It didn't take long. The constitutional ban on same-sex marriage has barely been adopted, and already one of the leading supporters of Amendment 2 has declared a new front in his fight against same-sex relationships. Florida Family Association executive director David Caton is now taking aim at domestic partnership benefits. It is exactly the sort of expanded attack the amendment's opponents feared.
This new campaign has an element of bait and switch. One of the most emphatic arguments put forth by supporters of Amendment 2 was that, by adopting a constitutional amendment prohibiting gay marriage or its substantial equivalent, there would be no residual impact on domestic partner arrangements. There was ample evidence that other states that adopted similar same-sex marriage bans ended up endangering protections and benefits for domestic partners. Still, Caton and other Amendment 2 supporters essentially guaranteed that the Florida Supreme Court would never interpret Amendment 2 to disallow county and local governments from recognizing domestic partnerships.
Those reassurances were an attempt to make the amendment palatable to a large swath of Florida's electorate that opposed gay marriage but was more accepting of other same-sex arrangements such as civil unions and domestic partnerships. The pitch worked. Amendment 2 passed with 62 percent of the vote.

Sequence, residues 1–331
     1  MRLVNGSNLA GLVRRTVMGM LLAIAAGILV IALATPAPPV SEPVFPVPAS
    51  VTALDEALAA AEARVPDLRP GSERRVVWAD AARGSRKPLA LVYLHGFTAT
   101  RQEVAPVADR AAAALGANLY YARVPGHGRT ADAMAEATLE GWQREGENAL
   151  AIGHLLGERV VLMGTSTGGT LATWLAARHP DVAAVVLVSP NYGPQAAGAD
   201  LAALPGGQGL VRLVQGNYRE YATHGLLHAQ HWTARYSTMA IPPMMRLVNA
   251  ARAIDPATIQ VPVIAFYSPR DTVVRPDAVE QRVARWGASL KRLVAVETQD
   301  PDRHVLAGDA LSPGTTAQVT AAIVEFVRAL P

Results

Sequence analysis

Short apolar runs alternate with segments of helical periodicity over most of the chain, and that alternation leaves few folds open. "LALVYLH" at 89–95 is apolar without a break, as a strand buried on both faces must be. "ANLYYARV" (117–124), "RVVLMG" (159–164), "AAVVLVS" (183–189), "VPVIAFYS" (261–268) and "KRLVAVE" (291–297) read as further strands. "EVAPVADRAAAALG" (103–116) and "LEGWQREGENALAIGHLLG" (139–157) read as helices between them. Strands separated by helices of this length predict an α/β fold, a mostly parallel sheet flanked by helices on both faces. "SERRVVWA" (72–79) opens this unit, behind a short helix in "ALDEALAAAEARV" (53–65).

Now we see that Caton's declarations on domestic partnerships were purely rhetorical. These arrangements will not be left alone now that Amendment 2 has passed. In fact, Caton says he plans to capitalize on the momentum from Amendment 2 to push for a 2010 charter amendment in Hillsborough County to pre-emptively bar the granting of any domestic partner benefits to gay county employees. Caton says he is acting because voters just elected openly gay Commissioner Kevin Beckner. And Caton has long-range plans to try to get the city of Tampa's same-sex domestic partner benefits repealed.
It is apparent that Caton will continue working to enshrine discrimination into law any way he can, regardless of any campaign-related claims. If down the road his organization argues the state's anti-gay marriage amendment prohibits any form of recognition of same-sex partners, it won't be much of a surprise.
On a brighter note, Miami-Dade Circuit Judge Cindy Lederman has ruled that Florida's ban on gay people adopting children is unconstitutional. The judge declared it is clear "that sexual orientation is not a predictor of a person's ability to parent." She got it exactly right — and sent a strong signal that Caton's narrow-minded views about gay rights and the rule of law are not universally shared.